When It Rains, It Pours?
by Michael Panzner, Financial Armageddon. August 1, 2007
Despite reports of falling prices, housing was less affordable in June than in any other month this year, according to the National Association of Realtors. On Monday, the NAR announced that its composite homebuyer index fell to 104.4 from 110.4 in May, and remained below the levels last seen when property prices were on the upswing. Along with tighter lending standards, a change in psychology, and other factors, declining affordability helps explain why new and existing sales have remained under pressure, and signals that there is likely much more downside to come in the months ahead.
Interestingly, while the problems in the housing market have been both obvious and predictable -- even normally exuberant homebuilders have been harping on for months about how bad things are -- one supposedly informed group has remained steadfastly behind the curve: Wall Street analysts. According to data from Bloomberg, analysts at eight major sell-side firms have just two "sell" ratings between them on the five companies whose shares comprise the S&P 500 Homebuilding Index. What's more, throughout this year, analysts who follow the group have largely stuck with "buy" or "hold"-equivalent ratings, while the shares have cratered by more than 40%.
But it isn't only in the housing sector where mainstream analysts seem to be missing the boat. In terms of the economy, many sell-side forecasters have been insisting that prospects remain bright despite widespread upheaval in the global credit markets and reports that many industries, including transportation, are seeing evidence of a significant slowdown in activity. Some so-called strategists have also been suggesting that the recent steepening of the yield curve is a bullish sign for the U.S. economy. History suggests, however, that such a move, coming as it does following a span when long-term rates have been lower than short-term rates, usually takes place just before or as a recession gets underway.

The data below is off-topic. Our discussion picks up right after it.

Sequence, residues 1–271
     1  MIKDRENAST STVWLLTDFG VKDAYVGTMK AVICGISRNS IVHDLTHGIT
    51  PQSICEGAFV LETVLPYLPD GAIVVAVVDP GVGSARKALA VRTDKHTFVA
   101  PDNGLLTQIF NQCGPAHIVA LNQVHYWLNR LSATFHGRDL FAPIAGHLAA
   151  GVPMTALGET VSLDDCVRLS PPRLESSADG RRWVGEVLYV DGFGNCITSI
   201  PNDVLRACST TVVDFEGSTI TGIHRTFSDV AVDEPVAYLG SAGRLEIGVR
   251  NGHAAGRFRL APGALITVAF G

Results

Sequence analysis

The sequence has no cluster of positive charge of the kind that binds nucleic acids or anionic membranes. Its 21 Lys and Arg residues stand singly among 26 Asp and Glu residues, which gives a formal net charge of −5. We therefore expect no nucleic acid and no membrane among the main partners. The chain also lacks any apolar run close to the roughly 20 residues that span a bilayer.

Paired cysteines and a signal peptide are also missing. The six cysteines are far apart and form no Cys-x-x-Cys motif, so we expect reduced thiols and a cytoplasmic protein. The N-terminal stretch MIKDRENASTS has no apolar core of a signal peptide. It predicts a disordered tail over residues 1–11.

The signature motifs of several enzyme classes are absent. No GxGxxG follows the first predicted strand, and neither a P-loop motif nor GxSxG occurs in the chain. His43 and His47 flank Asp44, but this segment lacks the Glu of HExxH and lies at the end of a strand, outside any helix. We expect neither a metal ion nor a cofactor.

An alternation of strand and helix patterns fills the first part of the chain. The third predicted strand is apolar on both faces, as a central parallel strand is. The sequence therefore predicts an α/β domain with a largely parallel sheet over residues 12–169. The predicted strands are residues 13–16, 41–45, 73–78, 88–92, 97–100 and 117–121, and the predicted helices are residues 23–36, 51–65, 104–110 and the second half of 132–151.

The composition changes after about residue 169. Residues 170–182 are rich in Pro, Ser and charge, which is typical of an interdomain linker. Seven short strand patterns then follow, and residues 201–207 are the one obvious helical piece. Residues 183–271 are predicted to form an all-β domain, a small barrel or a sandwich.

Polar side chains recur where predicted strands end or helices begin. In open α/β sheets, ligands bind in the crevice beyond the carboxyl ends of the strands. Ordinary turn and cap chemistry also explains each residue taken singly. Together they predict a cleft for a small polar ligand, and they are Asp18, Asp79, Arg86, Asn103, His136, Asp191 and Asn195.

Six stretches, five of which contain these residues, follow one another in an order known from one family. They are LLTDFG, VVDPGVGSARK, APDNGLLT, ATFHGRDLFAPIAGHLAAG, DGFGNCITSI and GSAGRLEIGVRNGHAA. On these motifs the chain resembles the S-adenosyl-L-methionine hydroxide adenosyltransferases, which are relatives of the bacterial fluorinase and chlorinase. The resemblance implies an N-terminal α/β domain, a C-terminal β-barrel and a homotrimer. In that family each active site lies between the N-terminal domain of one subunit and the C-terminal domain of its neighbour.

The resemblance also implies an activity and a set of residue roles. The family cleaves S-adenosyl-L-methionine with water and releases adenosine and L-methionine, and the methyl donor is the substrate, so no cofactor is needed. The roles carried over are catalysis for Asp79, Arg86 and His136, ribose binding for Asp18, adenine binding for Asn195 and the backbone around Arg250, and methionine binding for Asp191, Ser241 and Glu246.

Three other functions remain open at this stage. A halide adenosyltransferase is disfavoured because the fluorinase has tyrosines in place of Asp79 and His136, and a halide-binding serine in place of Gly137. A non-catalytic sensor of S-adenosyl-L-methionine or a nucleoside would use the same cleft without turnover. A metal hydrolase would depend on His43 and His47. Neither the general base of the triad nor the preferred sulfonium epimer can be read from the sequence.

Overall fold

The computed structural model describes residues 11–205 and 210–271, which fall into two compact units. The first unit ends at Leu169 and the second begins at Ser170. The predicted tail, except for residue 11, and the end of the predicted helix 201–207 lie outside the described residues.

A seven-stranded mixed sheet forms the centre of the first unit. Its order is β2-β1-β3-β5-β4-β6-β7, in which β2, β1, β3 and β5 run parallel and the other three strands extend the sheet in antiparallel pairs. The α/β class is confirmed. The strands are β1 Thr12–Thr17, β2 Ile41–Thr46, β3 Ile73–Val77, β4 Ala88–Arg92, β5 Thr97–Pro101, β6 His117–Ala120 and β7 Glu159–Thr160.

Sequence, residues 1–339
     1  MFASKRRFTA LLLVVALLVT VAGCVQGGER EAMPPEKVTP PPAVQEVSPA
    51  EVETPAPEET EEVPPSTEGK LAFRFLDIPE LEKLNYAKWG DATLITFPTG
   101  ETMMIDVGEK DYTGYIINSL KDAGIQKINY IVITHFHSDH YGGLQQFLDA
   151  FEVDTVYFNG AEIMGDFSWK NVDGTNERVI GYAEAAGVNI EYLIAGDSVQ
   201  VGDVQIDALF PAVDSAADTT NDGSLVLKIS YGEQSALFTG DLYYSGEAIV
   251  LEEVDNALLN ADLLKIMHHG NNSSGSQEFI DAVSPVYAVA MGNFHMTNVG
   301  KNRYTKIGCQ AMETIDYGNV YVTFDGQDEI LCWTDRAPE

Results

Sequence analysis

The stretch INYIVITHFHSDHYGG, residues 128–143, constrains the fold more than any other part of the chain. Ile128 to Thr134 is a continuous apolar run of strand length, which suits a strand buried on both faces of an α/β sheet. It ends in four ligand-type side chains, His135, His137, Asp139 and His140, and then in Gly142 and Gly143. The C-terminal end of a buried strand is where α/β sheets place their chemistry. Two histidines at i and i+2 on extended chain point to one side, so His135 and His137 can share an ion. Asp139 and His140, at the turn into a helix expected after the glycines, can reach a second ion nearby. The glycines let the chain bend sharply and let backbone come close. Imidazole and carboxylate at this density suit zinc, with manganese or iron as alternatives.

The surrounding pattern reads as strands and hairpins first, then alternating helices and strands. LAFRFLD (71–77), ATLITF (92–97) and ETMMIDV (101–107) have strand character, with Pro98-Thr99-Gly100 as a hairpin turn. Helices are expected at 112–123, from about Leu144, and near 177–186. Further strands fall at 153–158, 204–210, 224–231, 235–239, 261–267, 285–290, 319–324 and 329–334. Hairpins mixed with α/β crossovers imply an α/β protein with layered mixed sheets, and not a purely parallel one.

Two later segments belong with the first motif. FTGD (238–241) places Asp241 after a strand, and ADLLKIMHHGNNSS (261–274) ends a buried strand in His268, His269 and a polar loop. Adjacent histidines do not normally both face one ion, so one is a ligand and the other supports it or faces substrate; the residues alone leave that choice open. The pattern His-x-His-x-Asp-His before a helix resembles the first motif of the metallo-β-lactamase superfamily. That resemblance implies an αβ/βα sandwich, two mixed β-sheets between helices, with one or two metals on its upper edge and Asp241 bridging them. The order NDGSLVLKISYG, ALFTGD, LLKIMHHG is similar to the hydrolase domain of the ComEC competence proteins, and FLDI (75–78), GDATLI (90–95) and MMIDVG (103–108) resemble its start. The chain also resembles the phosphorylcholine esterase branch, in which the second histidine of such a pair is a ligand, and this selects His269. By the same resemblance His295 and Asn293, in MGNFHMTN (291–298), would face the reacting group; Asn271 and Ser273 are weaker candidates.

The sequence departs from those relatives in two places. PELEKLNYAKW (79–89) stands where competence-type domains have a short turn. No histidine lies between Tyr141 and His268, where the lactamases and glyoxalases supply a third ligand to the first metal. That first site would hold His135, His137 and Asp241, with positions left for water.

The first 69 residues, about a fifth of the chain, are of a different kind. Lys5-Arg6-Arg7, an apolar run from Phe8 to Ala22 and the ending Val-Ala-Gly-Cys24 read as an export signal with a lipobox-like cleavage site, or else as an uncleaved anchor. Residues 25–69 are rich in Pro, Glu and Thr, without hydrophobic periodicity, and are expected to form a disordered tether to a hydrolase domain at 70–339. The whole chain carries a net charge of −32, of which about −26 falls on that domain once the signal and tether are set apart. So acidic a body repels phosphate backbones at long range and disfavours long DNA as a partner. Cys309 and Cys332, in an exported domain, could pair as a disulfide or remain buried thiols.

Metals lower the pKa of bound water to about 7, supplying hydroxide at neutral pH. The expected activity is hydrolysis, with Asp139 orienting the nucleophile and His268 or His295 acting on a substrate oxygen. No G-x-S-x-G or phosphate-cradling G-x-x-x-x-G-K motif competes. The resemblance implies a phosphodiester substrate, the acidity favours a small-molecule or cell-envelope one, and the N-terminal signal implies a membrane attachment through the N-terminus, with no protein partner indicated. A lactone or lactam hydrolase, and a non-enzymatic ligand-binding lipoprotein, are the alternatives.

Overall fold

As far as the equity market goes, the fact that June and July both ended lower could be a cause for concern if history is any guide. In looking back at what has happened over the past 30 years when the two summer months have finished in the red, one thing stands out: on four out of five occasions, the market was lower during the second half of the year. The lone exception: 1982, which happened to mark the beginning of a multi-decade bull market following a long period of dismal returns. Another reason, perhaps, why now may not be the time to be bullish on share prices.
|Year||June Returns||July Return||H2 Return|
Stocks ended higher after a day of see-saw trading as bargain hunting, vague talk of Fed rate cuts, and a late-session bear squeeze offset disappointing economic data, rumors of a potential bankruptcy filing at a major homebuilder, and nervousness over hedge fund blow-ups.
At the close, the Dow Jones Industrials Average was up 150.38 (1.14%) to 13,362.37. The S&P 500 index rose10.54 (0.72%) to 1465.81, and the Nasdaq Composite Index gained 7.60 (0.30%) to 2553.87.
Among the reports unsettling investors was news from the Institute for Supply Management that it’s factory index for June came in at 53.8, which was below expectations, and a weaker-than-forecast gain of 48,000 in the ADP National Employment report for July.
Treasury bond prices were essentially flat and gold drifted lower, with the December futures contract losing $3.40 to close at $675.90. Light sweet crude futures for September reversed early gains and finished down $1.71 per bbl, or 2.19%, at $76.74.
© 2007 Michael Panzner